“I’m apprenticing myself to hope and learning as much as I can. I’m making space in my mind for the good thoughts, so they can nestle in and sing.” – Maggie Smith, Keep Moving
I suppose I’m doing a bit of bandwagon hopping, though as we’ve moved through the first half of March it’s pretty hard not to reflect on the last time that things felt “before-times” normal. The truth is that we are marking an anniversary right now that most of us didn’t think would need to be an anniversary, and the implications of that anniversary are heartbreaking, frustrating, confusing…and yet it seems irresponsible to ignore some of the good things that have come of Our Pandemic Year. If you entered March, 2020, struggling in your ability to hold “both/and” type mindsets, I suspect this year has expanded this skill set for you.
Let’s start with the assumption that you, like I, didn’t see the duration and severity of the pandemic coming- or at least not from the seat you were in on March 12th, 2020. I was spending this week watching professional meeting dominoes tumble as the Committee on Trauma, then the American Burn Association, then the ACS Leadership & Advocacy Conference were serially cancelled. Elective OR cases quickly became a thing of the past. Medical students were pulled from clinical services. I found myself online ordering masks so I could at least have an au courant fashion accessory (have you SEEN my triple layer fabric dinosaur mask?!?). It was as if life went from 1000 miles per hour to a snail’s pace.
That pace change is arguably what I will remember the most from this year.
Now, I say that recognizing that I had decided to take a sabbatical prior to the pandemic becoming what it ultimately became. I already knew that I would benefit from some unstructured time to be creative, to learn, to reconnect with family (and framily) that had I been failing to center. It had also become clear to me that I needed to make decisions about my professional commitments for the next 10-12 years; my efforts to keep one foot in the world of medical education and the other in the world of burns and critical care was resulting in no balance among any aspects of my life (personal or professional). The one thing that I knew for myself prior to “pandemic” inserting itself into all of our vocabularies was that what I was doing and how I was living wasn’t sustainable in any way. Well, that, and I wasn’t going to keep doing it.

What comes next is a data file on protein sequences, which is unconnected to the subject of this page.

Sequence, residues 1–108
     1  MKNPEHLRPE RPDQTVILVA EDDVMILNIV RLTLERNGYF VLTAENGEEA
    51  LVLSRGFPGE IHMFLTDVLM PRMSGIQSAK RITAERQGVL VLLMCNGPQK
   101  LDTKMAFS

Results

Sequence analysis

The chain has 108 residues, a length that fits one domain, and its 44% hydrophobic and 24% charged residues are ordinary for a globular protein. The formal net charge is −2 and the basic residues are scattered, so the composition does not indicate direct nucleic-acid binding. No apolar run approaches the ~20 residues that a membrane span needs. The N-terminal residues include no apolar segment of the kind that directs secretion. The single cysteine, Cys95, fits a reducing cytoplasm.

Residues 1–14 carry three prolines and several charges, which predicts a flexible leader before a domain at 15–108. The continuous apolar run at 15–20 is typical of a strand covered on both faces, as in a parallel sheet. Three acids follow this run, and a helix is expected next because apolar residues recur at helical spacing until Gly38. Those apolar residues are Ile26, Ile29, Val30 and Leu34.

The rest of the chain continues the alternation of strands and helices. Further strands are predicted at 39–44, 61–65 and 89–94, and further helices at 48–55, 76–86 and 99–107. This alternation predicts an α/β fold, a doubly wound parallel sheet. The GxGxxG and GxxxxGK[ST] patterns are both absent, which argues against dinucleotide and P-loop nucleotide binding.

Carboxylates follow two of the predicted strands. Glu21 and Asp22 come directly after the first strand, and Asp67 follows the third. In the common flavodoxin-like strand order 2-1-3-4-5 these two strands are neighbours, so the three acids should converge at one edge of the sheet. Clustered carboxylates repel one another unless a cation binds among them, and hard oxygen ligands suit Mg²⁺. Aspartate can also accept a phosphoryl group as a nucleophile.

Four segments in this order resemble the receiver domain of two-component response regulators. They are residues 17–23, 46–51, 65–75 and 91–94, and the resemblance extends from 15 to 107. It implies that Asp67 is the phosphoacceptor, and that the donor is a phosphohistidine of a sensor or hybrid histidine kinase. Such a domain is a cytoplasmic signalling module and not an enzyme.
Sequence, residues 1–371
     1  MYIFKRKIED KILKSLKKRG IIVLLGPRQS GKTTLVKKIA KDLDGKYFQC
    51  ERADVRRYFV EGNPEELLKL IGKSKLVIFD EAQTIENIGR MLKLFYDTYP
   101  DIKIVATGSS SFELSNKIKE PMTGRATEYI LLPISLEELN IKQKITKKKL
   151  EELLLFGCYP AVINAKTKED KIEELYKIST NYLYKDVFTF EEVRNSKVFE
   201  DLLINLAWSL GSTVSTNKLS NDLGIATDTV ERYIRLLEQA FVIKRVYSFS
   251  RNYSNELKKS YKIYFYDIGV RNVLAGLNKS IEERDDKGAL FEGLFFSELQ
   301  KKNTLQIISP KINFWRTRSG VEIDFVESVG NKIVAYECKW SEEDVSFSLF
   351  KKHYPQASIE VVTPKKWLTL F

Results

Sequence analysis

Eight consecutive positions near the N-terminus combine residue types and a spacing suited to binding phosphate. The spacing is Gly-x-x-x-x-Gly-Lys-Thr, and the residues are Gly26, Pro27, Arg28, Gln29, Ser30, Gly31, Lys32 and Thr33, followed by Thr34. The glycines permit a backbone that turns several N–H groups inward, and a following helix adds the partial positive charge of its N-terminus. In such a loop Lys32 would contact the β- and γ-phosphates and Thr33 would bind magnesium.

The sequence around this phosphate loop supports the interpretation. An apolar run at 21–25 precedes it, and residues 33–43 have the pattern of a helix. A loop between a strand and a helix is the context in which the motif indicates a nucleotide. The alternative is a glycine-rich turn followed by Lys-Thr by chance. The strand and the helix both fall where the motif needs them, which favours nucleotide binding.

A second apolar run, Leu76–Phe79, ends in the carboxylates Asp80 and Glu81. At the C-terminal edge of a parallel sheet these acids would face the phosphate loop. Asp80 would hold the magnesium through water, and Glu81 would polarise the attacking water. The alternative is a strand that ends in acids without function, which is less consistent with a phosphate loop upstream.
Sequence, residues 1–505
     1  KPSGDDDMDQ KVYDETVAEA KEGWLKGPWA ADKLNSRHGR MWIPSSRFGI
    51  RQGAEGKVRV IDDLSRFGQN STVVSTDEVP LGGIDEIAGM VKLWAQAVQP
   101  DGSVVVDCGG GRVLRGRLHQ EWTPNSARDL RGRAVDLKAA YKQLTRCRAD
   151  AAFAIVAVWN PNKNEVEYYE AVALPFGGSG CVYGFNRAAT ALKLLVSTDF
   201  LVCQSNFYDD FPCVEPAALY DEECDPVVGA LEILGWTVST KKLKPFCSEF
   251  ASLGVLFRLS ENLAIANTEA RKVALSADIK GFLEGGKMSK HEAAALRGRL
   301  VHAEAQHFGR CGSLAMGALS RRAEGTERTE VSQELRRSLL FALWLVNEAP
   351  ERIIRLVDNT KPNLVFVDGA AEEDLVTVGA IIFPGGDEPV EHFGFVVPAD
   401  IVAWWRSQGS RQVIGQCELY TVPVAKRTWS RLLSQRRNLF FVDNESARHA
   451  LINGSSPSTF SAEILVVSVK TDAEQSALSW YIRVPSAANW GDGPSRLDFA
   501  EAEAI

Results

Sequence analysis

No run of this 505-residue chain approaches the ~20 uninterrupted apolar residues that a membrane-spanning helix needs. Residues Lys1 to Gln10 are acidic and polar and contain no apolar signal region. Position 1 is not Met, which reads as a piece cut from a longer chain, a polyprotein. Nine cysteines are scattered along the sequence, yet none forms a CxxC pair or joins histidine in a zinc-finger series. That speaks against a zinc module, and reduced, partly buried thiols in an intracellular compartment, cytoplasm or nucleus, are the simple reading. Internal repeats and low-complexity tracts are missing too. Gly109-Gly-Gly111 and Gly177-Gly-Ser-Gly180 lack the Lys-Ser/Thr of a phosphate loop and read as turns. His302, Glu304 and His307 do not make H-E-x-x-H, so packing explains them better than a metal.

Today isn’t the day for me to wax poetic about the sabbatical experience so I’ll simply say that it’s been everything that I hoped for and needed. I’ll also gloat for a moment and share that the last winter when I got in this many ski days was 2001-2002 (for those keeping score, that was my professional development year during residency). More on all things sabbatical in the future.
As part of processing this pace change, I’ve also spent time considering what I want to take forward with me to the “after-times” as we see glimmers of hope on the horizon. So, what do I hope is durable?
- Weekly, or at least very very regular, virtual happy hour with a dear friend. I think in the last year we’ve missed 4 weekends, which almost makes up for the absence of in-person time (though we have also calculated that it’s “just” a 12 hour drive from Portland to Bozeman and we are both fully vaccinated now).
- Gathering outdoors when the weather is suitable for it anyway. Why weren’t we/I doing more of this?!?
- While I miss the soul nourishment of seeing colleagues from other places, I have loved sleeping in my own bed and learning virtually with professional meetings. Are we really going to go back to those wild academic travel schedules we endured? I’ll be surprised…
- Framily/ COVID bubbles are amazing, and I’ll be keeping mine if/when I re-settle away from Montana. Granted, the core of mine has been my residency “sister”, her husband…and their 5 kids; we’ve simply reunited and built on what we started 20-something years ago. Having them close by has made the Montana portion of the COVID year not just manageable, but downright fun. I do NOT have enough gratitude for these humans, even if one of the 9-year-olds is eternally convinced that he’s taller than I am (he’s not…yet).
- Old fashioned cards and letters. I’ve sent more cards and letters this year than I can count, and I hope they’ve done as much good for the recipients as they did for me to write and send them.
- Honoring mental health. Although the pandemic has been hard on mental health in many ways and for many people, the fact that we have space to acknowledge this seems like such a quantum leap. Y’all, it’s okay to not be okay…and it’s okay to ask for help.
- Sabbaticals. No, really, we need to normalize this. But, again, that’s for another day.
What will you remember most from this year?
And what do you hope doesn’t go away in the after-times?